— Johnson Fistel, LLP (@JF_LLP) May 19, 2018
On April 20, 2018, the Court of Appeals for the Ninth Circuit held in Varjabedian v. Emulex Corp. that a violation of Section 14(e) of the Securities Exchange Act of 1934, 15 U.S.C. § 78n(e) (the “Exchange Act”), which governs tender offers, requires a showing of negligence, not scienter. The Ninth Circuit’s decision brings the standard of liability for tender offers in line with a case involving proxy statements and stockholder votes.
W. Scott Holleman, a partner in the New York office of Johnson Fistel, LLP who handles the firm’s merger litigation practice, commented on the Ninth Circuit’s decision. “This is a good decision for stockholders, and we’re pleased that the court decided to apply the same negligence standard regardless of whether stockholders are asked to vote on a deal or tender their shares.”
In February 2015, Emulex Corp. (“Emulex”) and Avago Technologies Wireless Manufacturing, Inc. (“Avago”) announced that they had entered into a merger agreement under which Avago would acquire Emulex for $8.00 per share in cash. Emulex and Avago structured the acquisition as a tender offer, which an affiliate of Avago would commence shortly after the deal was announced.
Avago’s affiliate commenced the tender offer in early April 2015, and the offer closed and the deal was completed in early May 2015.
In response to the acquisition, a group of Emulex stockholders filed suit in federal court, alleging that Emulex, its board of directors, and Avago and its affiliate violated the federal securities laws, including Section 14(e), which mandates that tender offer documents not contain any material misrepresentations or omit any material information in such a manner as to render the tender offer documents misleading.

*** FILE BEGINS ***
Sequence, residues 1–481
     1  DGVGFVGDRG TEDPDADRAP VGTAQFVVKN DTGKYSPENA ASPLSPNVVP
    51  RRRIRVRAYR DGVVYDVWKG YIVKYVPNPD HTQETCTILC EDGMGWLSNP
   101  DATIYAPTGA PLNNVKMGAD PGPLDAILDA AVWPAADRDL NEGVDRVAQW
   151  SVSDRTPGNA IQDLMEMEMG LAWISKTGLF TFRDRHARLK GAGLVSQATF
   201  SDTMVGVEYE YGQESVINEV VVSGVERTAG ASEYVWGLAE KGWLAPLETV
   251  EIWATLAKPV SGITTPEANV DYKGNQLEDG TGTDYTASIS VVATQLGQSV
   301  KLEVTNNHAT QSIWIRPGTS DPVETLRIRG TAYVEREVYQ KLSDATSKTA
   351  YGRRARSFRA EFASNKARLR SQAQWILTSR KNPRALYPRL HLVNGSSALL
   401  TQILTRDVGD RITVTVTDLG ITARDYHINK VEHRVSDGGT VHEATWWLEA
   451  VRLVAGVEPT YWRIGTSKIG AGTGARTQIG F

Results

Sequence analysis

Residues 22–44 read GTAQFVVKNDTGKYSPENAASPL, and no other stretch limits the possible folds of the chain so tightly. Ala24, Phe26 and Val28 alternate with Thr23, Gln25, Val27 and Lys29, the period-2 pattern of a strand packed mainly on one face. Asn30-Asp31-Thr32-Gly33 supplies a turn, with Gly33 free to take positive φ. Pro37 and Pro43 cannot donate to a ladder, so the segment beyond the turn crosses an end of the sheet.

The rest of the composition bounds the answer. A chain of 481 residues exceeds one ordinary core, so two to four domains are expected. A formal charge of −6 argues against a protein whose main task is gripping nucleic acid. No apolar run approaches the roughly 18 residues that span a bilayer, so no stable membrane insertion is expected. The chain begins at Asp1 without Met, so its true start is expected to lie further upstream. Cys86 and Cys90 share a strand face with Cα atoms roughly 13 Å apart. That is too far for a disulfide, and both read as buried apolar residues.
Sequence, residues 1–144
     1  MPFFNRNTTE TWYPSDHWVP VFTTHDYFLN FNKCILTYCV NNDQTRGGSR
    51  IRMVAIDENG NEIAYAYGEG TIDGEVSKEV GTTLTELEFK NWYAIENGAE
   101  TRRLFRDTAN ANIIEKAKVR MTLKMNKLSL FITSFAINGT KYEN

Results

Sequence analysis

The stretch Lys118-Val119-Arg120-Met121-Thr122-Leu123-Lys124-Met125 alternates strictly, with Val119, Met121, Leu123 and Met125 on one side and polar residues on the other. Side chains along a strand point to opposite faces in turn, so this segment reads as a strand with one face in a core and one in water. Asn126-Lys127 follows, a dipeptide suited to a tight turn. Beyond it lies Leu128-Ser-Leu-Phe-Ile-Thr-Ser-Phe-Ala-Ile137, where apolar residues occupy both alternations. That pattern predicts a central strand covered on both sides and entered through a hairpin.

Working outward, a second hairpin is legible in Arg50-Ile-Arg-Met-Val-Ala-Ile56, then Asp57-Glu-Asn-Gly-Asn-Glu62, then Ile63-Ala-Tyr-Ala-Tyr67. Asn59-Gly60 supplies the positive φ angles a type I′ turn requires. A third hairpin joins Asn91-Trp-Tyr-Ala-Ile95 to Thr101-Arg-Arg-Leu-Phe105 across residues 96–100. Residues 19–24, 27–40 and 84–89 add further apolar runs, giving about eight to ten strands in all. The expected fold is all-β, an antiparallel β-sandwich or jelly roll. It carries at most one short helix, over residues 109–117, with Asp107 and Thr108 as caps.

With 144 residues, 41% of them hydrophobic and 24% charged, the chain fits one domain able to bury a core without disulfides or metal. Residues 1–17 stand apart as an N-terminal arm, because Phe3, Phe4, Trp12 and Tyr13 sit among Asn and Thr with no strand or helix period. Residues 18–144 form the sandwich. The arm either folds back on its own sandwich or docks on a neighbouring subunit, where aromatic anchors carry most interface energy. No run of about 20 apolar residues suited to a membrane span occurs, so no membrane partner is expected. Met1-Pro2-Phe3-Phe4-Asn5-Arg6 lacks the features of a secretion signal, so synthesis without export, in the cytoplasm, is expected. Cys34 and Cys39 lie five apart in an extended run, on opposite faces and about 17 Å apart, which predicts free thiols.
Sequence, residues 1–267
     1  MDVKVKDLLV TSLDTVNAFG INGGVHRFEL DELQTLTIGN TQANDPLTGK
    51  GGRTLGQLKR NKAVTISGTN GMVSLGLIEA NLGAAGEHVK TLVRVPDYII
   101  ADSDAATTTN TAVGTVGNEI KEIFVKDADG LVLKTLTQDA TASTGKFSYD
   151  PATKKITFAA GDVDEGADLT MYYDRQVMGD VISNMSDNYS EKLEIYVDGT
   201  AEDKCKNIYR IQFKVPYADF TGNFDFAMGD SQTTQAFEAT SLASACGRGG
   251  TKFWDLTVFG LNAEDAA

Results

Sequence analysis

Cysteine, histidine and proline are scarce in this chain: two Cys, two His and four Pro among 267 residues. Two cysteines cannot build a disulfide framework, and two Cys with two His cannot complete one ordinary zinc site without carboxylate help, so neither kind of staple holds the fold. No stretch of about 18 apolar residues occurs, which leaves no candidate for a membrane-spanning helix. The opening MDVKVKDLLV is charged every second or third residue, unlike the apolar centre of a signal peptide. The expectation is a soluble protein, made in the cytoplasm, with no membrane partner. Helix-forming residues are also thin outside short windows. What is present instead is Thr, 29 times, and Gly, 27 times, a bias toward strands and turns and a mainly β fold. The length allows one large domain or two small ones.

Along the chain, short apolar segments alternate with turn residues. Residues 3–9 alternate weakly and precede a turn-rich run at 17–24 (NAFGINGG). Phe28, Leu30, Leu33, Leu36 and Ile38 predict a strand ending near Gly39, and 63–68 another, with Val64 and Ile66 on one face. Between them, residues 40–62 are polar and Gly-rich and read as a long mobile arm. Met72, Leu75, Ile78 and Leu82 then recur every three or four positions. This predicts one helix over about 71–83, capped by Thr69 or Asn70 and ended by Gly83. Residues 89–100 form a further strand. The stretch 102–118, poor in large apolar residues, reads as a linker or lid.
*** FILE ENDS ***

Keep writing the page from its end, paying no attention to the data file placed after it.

The defendants moved to dismiss the plaintiffs’ complaint, arguing, among other things, that the plaintiffs had not adequately alleged “scienter,” which is a state of mind tantamount to fraud or bad faith.
Although other courts have held that scienter applied in cases where a merger was accomplished through a tender offer, the law governing cases involving proxy statements and stockholder votes requires only a showing of negligence.
The plaintiffs argued to the trial court that negligence should apply, but the trial court sided with the defendants and dismissed the case. The plaintiffs appealed, however, and the Ninth Circuit Court of Appeals reversed the trial court’s decision and reinstated the case.
The Ninth Circuit held that Section 14(e) required only a showing of negligence, not scienter, based on several grounds. The court looked at, among other things, the legislative history and circumstances surrounding the Williams Act, which brought about Section 14(e), and the court also regarded the text of Section 14(e) as being similar to a different section of the Exchange Act which did not require a showing of scienter.
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If you would like to discuss this decision, or if you are a stockholder and have any questions about your rights with respect to certain transactions, please do not hesitate to contact Johnson Fistel at (619) 230-0063.